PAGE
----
Iran’s president dies in copter crash as tensions rack the Mideast
Rescuers found the crash site after daybreak on Monday. AP

Underlying the region-wide tensions and war engulfing the Mideast as the Israeli military destroys Gaza, the U.S. bombs South Yemen, and conflicts rise elsewhere in the region were remarks about the crash made by an Iranian leader today

The crash killed all eight people aboard a Bell helicopter, which Iran purchased from the U.S. company in the early 2000s, according to the state-run IRNA news agency. In addition to the president, included in the list of the dead were Iranian Foreign Minister Hossein Amirabdollahian, the governor of Iran’s East Azerbaijan province, a senior cleric from Tabriz, a Revolutionary Guard Official, and three crew members, according to the Iranians.

Iran has flown Bell helicopters extensively since the Shah’s era. Aircraft in Iran face a shortage of parts, because of U.S. sanctions. Former Iranian Foreign Minister Mohammad Javad Zarif blamed the United States for the crash in an interview today.

“One of the main culprits of yesterday’s tragedy is the United States, which … embargoed the sale of aircraft and aviation parts to Iran and does not allow the people of Iran to enjoy good aviation facilities,” Zarif said. “These will be recorded in the list of U.S. crimes against the Iranian people.”

Supreme Leader Ayatollah Ali Khamenei, who has the final say in the theocratic government, quickly named a vice president as caretaker and said the government was in control.

Iran has offered no specific cause for the crash nor suggested sabotage brought down the helicopter, which fell in mountainous terrain in a sudden, intense fog.

The crash comes as the Israeli war on Gaza rocks the entire Mideast region. Last month, Iran launched a drone attack on Israel which was turned back by Israel and its allies. Iran is facing enormous pressures from sanctions from abroad and also from protests against the lack of democracy inside the country,

President Raisi was viewed as a protege of Ayatollah Khamenei, the theocratic ruler of Iran who has the final say over all matters of domestic and international importance. There have been massive protests against his government over both economic and human rights issues. The Iranian economy is hurting from U.S. sanctions, causing severe economic difficulty and its record on women’s rights has also elicited mass protests inside the country.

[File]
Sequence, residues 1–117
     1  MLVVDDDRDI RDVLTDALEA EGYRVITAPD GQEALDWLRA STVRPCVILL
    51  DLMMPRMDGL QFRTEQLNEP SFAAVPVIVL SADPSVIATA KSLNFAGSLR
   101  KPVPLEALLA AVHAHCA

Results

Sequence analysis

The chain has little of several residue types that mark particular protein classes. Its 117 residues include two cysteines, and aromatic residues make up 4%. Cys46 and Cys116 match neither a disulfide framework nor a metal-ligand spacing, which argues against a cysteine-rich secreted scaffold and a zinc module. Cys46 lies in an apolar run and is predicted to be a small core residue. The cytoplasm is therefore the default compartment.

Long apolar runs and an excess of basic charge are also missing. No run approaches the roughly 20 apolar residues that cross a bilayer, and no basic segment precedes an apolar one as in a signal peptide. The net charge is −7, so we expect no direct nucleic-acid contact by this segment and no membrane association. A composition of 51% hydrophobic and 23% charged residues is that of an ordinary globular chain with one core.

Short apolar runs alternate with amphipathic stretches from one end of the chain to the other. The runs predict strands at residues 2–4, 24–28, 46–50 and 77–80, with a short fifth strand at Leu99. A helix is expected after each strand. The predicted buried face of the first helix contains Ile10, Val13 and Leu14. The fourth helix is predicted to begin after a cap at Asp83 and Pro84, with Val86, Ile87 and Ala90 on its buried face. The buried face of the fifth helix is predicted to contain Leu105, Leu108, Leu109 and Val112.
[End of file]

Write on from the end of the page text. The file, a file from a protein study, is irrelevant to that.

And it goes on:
Left, communist, progressive, and pro-labor forces in Iran are highly critical of the theocratic dictatorship in place there.

In a recent statement, Navid Shomali, foreign minister of the Tudeh (communist) Party in Iran said that “to defend the Iranian state as a force for anti-imperialism is, at best, naive—and, at worst, deliberately relegates the brutal repression, crushing poverty and socioeconomic misery suffered by the people of Iran as inconsequential or unworthy of consideration.

“It is also an affront,” Shomali said, “to Iran’s left and progressive forces who continue to struggle valiantly to bring about the transition of their country from a situation of dictatorship to one where a national democratic transformation is possible. The struggles for democracy,” he added, “human rights, social justice, and against dictatorship go hand in hand with those for peace, sovereignty, and against imperialism. They are interdependent and inseparable.”

He said that the dictatorship there actually is carrying out the interests of a powerful Iranian capitalist class, explaining, in particular, repressive measures against workers, including the banning of trade unions.

The U.S., which has done nothing to contribute to the struggle for democracy in Iran or anywhere else in the Middle East, has yet to comment publicly on Raisi’s death. Ali Bagheri Kani, a nuclear negotiator for Iran, will serve as the country’s acting foreign minister, state TV said.

Condolences came from neighbors and allies after Iran confirmed there were no survivors from the crash. The right-wing Indian Prime Minister Narendra Modi said in a post on the social media platform X that his country “stands with Iran in this time of sorrow.” Russian President Vladimir Putin, in a statement released by the Kremlin, described Raisi “as a true friend of Russia.”

Turkish President Recep Tayyip Erdogan, China’s Xi Jinping, and Syrian President Bashar Assad also offered condolences. Azerbaijan’s president, Ilham Aliyev, said he and his government were “deeply shocked.” Raisi, 63, was returning Sunday from Iran’s border with Azerbaijan, where he inaugurated a dam with Aliyev when the crash happened.

Raisi had been discussed as one possible candidate for the role of Supreme Leader. Another person so far suggested has been Khamenei’s 55-year-old son, Mojtaba.

Such a move may be politically difficult for the current Supreme Leader. The theocratic leadership still points out that it came to power after a revolution that overthrew the undemocratic, hereditary leadership of the Pahlavi family of the Shah. That family was installed in power by the U.S. after it overthrew a democratically-elected socialist government in Iran in the 1950s, laying the basis for many of the problems that have plagued the country since then.

For now, Khamenei has named the first vice president, Mohammad Mokhber, as caretaker, in line with the constitution, which says a new presidential election should be called within 50 days.

Raisi, the president killed in the crash, was elected in 2021 in the lowest turnout election ever in the history of the Islamic Republic.